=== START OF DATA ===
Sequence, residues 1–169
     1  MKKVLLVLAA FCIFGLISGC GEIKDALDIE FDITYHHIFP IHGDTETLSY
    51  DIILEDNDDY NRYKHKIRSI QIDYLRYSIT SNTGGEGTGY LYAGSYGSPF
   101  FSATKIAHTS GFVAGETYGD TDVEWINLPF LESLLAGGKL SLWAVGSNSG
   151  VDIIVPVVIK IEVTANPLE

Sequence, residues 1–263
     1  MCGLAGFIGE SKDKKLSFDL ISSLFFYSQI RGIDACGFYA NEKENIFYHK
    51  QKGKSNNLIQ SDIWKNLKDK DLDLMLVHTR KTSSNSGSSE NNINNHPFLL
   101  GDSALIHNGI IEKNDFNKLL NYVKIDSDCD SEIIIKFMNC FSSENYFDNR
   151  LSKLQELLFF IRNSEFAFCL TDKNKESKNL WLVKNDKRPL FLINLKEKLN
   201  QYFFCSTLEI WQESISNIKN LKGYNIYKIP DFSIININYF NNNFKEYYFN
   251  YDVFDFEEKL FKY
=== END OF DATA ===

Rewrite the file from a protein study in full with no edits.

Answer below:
Sequence, residues 1–169
     1  MKKVLLVLAA FCIFGLISGC GEIKDALDIE FDITYHHIFP IHGDTETLSY
    51  DIILEDNDDY NRYKHKIRSI QIDYLRYSIT SNTGGEGTGY LYAGSYGSPF
   101  FSATKIAHTS GFVAGETYGD TDVEWINLPF LESLLAGGKL SLWAVGSNSG
   151  VDIIVPVVIK IEVTANPLE

Sequence, residues 1–263
     1  MCGLAGFIGE SKDKKLSFDL ISSLFFYSQI RGIDACGFYA NEKENIFYHK
    51  QKGKSNNLIQ SDIWKNLKDK DLDLMLVHTR KTSSNSGSSE NNINNHPFLL
   101  GDSALIHNGI IEKNDFNKLL NYVKIDSDCD SEIIIKFMNC FSSENYFDNR
   151  LSKLQELLFF IRNSEFAFCL TDKNKESKNL WLVKNDKRPL FLINLKEKLN
   201  QYFFCSTLEI WQESISNIKN LKGYNIYKIP DFSIININYF NNNFKEYYFN
   251  YDVFDFEEKL FKY